Last week on Friday, we (www.sivioinstitute.org) launched our 2023 signature initiative-AfricaGiving (www.africagiving.org). It has been a long and challenging but exciting journey to get here and there is still a long journey ahead.
In a previous article, I used the analogy of ephemeral pools of water that develop during the rainy season to describe a particular characteristic of African philanthropy. In that analogy, I argued that African philanthropy usually tends to emerge as an ad-hoc response to a societal challenge be it a funeral, spread of a disease, drought, or a natural disaster like a flood.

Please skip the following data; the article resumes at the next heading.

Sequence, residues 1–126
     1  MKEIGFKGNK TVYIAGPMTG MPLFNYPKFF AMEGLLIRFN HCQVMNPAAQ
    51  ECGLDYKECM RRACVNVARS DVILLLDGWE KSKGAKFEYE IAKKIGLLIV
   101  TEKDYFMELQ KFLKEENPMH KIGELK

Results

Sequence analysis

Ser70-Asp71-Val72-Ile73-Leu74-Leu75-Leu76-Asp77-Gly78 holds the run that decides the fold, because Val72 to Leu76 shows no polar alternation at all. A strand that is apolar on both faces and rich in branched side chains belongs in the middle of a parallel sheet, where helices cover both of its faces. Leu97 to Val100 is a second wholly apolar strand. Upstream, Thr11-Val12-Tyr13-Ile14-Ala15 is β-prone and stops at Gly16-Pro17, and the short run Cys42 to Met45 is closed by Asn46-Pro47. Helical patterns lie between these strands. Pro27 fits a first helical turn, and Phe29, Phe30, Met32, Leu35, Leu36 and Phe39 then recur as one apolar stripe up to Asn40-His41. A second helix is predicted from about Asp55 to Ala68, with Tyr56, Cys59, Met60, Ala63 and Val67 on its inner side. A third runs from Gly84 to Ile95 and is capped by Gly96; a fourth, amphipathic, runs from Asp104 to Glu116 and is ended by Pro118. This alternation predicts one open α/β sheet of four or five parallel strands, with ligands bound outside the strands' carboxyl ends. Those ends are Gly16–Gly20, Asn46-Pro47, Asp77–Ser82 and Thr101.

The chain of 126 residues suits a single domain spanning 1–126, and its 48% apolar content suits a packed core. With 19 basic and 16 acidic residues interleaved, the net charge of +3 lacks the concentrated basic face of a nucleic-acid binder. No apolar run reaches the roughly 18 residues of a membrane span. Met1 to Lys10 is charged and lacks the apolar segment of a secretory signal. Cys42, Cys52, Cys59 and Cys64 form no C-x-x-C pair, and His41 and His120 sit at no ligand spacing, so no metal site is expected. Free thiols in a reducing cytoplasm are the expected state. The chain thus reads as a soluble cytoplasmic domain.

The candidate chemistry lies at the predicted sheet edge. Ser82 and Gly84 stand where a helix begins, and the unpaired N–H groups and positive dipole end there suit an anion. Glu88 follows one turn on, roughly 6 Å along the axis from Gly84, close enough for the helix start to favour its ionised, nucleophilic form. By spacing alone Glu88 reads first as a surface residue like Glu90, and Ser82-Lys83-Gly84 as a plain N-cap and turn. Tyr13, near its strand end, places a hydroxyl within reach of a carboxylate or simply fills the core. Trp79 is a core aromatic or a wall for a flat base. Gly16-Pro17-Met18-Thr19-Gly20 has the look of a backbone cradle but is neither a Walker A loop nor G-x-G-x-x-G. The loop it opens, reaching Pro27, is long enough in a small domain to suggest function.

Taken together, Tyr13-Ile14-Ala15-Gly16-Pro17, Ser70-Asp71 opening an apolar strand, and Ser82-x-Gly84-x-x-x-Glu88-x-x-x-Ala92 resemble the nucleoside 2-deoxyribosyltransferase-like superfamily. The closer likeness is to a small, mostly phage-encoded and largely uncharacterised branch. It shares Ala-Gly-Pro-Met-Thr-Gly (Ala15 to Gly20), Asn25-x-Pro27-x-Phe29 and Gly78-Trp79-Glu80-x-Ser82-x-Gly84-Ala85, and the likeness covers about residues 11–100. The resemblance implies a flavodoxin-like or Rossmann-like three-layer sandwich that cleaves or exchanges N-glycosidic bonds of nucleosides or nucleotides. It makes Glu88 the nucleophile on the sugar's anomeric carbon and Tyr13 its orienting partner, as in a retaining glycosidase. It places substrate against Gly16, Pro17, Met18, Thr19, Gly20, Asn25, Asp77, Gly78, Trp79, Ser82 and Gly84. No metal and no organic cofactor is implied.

When it rains small pools of water are formed. These pools can last a day, a week, a month or a couple of months. They are largely temporary or seasonal and are mostly referred to as ephemeral pools. Life in the form of plants, little creatures exist in these pools, some visible and some invisible. A number of studies have since been carried out to understand the different life forms that emerge which coexist on these pools.
One of the challenges that I have always faced in my close to 15 years working in the Philanthropy or Development space has been the use of images that appropriately capture the essence of our work be it in Agriculture, Reproductive Health or in softer issues such as governance reforms.